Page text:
Abu Simbel in Egypt is a site containing two magnificent temples, carved in rock, that were built for the pharaoh Ramses II.  Abu Simbel is on the west bank of Lake Nasser, in Nubia, near the border with Sudan.

The Temple of Ramses, the larger of the two temples, is considered one of the ancient world's greatest architectural works.

This temple was carved into the side of a mountain between 1244 and 1224 BCE (BC). It was built to commemorate Egypt's victory over the Hittites at the Battle of Kadesh.

Statue of Rames II at the Great Temple at Abu SimbelFour enormous seated status of the pharaoh, carved out of rock, guard the entrance, which faces east.  Smaller statues of Ramses' children and of Nefertari, Ramses' favorite wife, stand next to him.

Above the entrance is a statue of the god Ra Harakhti, who is depicted with the head of a falcon.

The top frieze of the temple consists of a row of carvings of baboons.

Eight giant statues of Ramses form pillars inside the temple's great hall.

Within the temple, there are statues of four gods: Ramses II, who has been deified, Amon Ra, Ra Harakhti, and Ptah, the god of the underworld.  On February 22 and October 24, the light from the rising sun penetrates the temple and lights up all of these statues except for the statue of Ptah, who, as ruler of the underworld, remains in perpetual darkness.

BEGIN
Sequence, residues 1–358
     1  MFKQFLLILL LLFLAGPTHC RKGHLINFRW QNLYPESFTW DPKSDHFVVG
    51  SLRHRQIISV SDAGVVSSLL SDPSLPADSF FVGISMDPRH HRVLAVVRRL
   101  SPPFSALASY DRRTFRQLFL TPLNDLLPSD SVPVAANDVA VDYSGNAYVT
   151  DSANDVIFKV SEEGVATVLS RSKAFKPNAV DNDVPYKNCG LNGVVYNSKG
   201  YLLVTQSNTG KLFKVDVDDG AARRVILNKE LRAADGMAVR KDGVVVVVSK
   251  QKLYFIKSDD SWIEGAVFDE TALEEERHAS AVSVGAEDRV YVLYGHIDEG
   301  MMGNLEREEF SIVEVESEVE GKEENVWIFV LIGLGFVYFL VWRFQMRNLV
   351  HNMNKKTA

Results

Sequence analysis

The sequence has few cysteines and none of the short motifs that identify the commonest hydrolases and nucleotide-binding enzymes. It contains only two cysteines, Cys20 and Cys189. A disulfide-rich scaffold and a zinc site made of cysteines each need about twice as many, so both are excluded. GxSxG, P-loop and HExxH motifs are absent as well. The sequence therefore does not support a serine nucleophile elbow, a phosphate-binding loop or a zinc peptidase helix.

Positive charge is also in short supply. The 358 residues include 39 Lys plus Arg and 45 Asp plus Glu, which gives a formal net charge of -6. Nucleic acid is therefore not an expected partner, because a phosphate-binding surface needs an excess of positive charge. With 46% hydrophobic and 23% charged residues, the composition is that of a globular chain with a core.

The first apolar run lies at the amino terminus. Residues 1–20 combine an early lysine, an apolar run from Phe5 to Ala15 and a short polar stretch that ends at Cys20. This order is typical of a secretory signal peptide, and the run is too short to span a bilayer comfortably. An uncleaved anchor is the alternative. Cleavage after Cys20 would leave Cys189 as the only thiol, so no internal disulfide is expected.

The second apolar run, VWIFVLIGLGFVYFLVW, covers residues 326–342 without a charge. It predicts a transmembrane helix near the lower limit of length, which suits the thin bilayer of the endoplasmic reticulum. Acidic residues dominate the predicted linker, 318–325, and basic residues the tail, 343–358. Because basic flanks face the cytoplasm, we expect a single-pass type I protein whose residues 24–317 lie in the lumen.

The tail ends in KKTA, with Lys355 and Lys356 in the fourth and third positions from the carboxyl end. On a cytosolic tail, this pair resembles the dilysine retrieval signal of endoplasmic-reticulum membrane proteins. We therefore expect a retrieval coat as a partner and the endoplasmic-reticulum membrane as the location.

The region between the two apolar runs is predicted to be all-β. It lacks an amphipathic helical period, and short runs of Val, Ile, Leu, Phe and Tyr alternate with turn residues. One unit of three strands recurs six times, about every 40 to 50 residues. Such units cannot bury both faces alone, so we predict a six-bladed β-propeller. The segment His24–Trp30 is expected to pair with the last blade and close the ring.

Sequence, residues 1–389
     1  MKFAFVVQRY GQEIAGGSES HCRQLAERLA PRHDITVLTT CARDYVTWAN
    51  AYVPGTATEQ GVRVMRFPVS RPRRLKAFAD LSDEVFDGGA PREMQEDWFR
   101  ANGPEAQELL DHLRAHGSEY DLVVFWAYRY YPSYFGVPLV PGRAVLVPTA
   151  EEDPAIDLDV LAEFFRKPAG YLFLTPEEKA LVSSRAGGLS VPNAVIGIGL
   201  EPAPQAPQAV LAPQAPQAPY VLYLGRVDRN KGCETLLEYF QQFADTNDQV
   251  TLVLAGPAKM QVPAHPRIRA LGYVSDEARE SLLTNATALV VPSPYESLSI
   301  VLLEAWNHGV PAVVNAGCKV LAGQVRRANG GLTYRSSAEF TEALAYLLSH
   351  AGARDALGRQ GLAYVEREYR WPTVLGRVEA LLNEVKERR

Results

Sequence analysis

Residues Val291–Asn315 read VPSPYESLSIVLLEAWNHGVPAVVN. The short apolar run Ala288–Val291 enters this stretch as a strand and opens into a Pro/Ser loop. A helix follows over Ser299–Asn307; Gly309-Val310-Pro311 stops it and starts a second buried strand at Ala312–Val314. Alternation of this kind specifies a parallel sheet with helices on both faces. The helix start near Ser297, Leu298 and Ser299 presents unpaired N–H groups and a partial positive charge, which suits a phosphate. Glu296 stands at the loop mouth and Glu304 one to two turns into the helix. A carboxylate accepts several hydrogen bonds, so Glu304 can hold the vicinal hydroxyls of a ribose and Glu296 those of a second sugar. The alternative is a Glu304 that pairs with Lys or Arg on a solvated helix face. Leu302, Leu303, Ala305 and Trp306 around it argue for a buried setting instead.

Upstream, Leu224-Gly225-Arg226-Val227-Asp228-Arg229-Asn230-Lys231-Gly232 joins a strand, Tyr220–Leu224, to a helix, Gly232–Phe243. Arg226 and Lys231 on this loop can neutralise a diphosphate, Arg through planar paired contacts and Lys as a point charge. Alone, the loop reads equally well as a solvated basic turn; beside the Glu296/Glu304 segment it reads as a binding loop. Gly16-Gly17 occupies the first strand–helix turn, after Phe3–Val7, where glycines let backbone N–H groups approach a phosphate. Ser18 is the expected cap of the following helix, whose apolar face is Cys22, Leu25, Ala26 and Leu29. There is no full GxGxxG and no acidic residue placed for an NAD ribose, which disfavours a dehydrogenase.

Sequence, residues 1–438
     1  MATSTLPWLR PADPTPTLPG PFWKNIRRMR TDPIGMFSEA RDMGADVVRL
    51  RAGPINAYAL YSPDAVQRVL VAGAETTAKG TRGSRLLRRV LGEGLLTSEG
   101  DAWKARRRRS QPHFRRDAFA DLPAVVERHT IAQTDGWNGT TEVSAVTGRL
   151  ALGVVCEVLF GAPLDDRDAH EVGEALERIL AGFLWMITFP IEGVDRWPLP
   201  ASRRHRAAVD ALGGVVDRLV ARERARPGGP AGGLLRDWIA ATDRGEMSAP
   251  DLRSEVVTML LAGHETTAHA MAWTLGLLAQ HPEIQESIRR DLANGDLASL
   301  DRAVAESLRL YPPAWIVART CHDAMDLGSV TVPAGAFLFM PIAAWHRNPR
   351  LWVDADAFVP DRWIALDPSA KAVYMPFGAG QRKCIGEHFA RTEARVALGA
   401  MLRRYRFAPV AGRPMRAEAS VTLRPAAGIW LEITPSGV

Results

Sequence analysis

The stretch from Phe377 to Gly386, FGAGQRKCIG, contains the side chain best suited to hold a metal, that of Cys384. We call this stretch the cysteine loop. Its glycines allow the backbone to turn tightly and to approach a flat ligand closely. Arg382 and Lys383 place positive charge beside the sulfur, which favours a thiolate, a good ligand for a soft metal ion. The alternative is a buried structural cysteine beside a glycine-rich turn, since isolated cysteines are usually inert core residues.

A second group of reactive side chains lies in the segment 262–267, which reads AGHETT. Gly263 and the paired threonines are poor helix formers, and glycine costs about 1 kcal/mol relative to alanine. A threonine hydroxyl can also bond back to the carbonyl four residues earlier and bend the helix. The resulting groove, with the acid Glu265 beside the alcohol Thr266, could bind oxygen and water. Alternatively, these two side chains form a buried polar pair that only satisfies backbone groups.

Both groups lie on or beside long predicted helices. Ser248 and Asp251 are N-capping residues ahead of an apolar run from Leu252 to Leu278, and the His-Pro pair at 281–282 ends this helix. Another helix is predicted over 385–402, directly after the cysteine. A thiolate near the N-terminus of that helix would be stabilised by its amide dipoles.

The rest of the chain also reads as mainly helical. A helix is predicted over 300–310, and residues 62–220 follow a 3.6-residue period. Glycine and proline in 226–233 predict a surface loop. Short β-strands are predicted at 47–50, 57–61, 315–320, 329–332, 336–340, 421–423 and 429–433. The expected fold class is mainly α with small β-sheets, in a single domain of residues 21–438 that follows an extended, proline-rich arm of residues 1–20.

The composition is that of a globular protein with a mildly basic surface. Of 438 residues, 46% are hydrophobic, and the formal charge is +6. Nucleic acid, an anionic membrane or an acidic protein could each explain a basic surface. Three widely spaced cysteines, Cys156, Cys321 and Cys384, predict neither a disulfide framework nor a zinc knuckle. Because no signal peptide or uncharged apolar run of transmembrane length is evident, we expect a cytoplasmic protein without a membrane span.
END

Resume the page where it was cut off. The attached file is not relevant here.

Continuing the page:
Reliefs on the walls show Ramses battling his enemies.

The smaller temple is dedicated to the goddess Hathor, who was personified by Nefertari.

One each side of the entrance to the smaller temple is a statue of Nefertari surrounded by two statues of Ramses. The statues are all the same size; usually, a statue of a pharaoh would be much larger than any statues of other people.

Inside the temple are carvings of Ramses and Nefertari making offerings to the gods.

Over the centuries, sand piled up over the two temples until only the baboons on the top of the entrance to the larger temple were visible.

In 1813, an Egyptian boy - who, according to legend was named Abu Simbel - led Johann Ludwig Burckhardt, a Swiss traveler, to the site; news of the temples' existence soon reached Europe.

Giovanni Belzoni, an Italian explorer, excavated the larger temple in 1817.

The two temples at Abu Simbel were moved to a new site in the 1960s before the Aswan High Dam was built, to prevent them from being flooded after the dam was constructed.

The temples at Abu Simbel are part of a UNESCO World Heritage Site of monuments in Nubia.